To give you an idea of what to expect, I decided to highlight my two favourite markets.

Marché Vernaison

Vernaison is a historic open air market that was founded in 1920 and contains more than 300 stalls. It has a true village spirit: the sellers are friends that frequently lunch together and chitchat, it’s filled with gorgeous old stalls shaded by greenery, and it’s made up of twisted alleyways that seem to take you somewhere new each visit.

Vernaison is a mix of high-end and low-end prices and items. Some stalls are shrines to vintage couture and French crystal and ask top dollar. Others are full of knick knacks that are great fun to browse and buy; you will find everything from ashtrays, to old magazines, to decorative prints, to fishing baskets.

The market is even home to Chez Louisette, a classic brasserie with a festive atmosphere. There you can take a break from your shopping to eat some French classics and listen to live music – I almost always see a performer singing an homage to Edith Piaf there!

Marché Dauphine

Across the street from Vernaison is Dauphine, a two-story building inspired by the Pavillon Baltard. It houses 180 stalls and specializes in antiques and second-hand goods. The different sections of the market are neatly organized, with one area for clothing, another for music, another for books, and so on.

If you are looking for an original vinyl of Serge Gainsbourg’s or France Gall’s, cheap cashmere sweaters, antique corsets, or French classics for a mere two to three euros a pop, you must make a visit to Dauphine. These types of items can be found on the second floor – the bottom floor is more for antique furniture showrooms and art galleries.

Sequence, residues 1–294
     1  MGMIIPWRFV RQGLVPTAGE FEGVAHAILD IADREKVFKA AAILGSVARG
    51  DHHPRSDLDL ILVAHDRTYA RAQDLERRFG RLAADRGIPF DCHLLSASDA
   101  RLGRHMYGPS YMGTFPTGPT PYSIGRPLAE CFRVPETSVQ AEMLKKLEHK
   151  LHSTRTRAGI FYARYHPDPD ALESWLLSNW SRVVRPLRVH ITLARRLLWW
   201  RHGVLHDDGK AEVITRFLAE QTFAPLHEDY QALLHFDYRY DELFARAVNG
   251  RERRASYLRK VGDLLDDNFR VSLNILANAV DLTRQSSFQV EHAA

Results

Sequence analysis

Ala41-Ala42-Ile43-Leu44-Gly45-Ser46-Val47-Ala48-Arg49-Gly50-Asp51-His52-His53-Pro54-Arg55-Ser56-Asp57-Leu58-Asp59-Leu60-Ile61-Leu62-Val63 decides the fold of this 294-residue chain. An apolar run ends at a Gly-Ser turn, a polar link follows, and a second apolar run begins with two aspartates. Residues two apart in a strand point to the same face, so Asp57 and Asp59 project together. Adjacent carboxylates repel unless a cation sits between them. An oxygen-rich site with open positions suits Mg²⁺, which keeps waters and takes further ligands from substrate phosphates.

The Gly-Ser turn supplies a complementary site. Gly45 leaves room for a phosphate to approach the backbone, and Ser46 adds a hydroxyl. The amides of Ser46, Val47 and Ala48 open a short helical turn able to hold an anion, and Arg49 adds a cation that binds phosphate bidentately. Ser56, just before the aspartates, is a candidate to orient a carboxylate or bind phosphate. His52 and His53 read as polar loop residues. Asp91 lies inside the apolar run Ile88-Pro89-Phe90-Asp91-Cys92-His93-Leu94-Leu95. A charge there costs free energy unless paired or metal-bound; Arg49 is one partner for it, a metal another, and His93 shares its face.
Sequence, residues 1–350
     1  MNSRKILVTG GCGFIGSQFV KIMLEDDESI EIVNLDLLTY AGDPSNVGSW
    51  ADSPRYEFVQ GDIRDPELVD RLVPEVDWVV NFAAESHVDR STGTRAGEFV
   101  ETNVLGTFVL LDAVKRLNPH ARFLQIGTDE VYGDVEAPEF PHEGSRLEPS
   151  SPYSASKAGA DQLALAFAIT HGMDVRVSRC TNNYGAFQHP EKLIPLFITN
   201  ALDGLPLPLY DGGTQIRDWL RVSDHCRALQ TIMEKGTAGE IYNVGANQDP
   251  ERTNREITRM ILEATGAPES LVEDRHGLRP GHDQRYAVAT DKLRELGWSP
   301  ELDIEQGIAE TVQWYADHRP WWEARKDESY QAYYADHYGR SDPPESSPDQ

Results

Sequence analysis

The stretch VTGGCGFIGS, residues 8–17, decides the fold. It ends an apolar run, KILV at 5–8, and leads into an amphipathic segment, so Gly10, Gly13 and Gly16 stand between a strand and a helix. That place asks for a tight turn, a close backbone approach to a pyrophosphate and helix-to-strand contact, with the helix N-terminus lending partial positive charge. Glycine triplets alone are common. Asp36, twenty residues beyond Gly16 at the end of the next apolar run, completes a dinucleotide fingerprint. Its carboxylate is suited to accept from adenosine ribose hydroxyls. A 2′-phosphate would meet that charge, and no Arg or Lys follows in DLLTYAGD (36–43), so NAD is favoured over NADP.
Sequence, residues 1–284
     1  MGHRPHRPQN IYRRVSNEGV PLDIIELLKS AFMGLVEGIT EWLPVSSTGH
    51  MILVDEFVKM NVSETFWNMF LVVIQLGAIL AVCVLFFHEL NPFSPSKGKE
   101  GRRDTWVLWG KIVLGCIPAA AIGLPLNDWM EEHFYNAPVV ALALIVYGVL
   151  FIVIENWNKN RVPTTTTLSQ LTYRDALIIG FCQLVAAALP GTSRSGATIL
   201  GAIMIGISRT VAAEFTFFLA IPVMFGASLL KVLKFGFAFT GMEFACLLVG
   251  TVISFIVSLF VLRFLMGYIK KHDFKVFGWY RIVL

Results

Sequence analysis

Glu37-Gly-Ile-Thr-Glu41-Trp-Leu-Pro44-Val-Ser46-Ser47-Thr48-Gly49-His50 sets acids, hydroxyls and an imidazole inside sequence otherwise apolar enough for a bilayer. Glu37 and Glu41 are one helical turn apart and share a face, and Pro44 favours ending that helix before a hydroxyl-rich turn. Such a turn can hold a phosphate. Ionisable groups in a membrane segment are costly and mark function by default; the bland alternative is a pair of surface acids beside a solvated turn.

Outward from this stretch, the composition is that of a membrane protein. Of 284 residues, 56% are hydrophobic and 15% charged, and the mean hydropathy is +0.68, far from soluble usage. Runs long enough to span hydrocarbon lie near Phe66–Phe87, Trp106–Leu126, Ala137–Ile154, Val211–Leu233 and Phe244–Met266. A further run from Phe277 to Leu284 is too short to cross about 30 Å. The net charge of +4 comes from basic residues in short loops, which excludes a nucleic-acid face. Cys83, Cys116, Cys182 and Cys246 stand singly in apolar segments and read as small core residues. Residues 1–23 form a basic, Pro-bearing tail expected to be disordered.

Like Vernaison, Dauphine also has its own restaurant. Tucked into the corner of the building, Les Gastropodes is a semi self-service restaurant, where you order at the front before finding a table. Waiters are quick and friendly and the food is delicious and friendly on the wallet.

Etiquette and Bargaining

When visiting a stall at the Saint-Ouen flea market, one should say hello to the shopkeeper and ask before touching or picking up anything. Too many times I have seen tourists barge into a stall without so much as a “bonjour” and begin to manhandle the items, which are often old and delicate. I have even seen people break items only to scurry off before they’re caught! For many of the merchants, this is their livelihood, and so visitors should respect their wares and behave politely.

If you’re interested in an item but want to knock a few euros off its asking price, you’re in luck: bargaining is socially acceptable at the flea market. However, I wouldn’t encourage anyone to ask for more than 30% off, with most sellers only permitting a 10-20% discount. Bargaining tends to be more successful when it comes to items that have no price tag, as opposed to ones that are clearly marked.

At times, bargaining is not even necessary. If you buy more than one item from a single merchant, they sometimes round out the price to a lower number. I also find that if I’m polite and make small talk with them in French, they offer me a smaller price for the item I’m eyeing.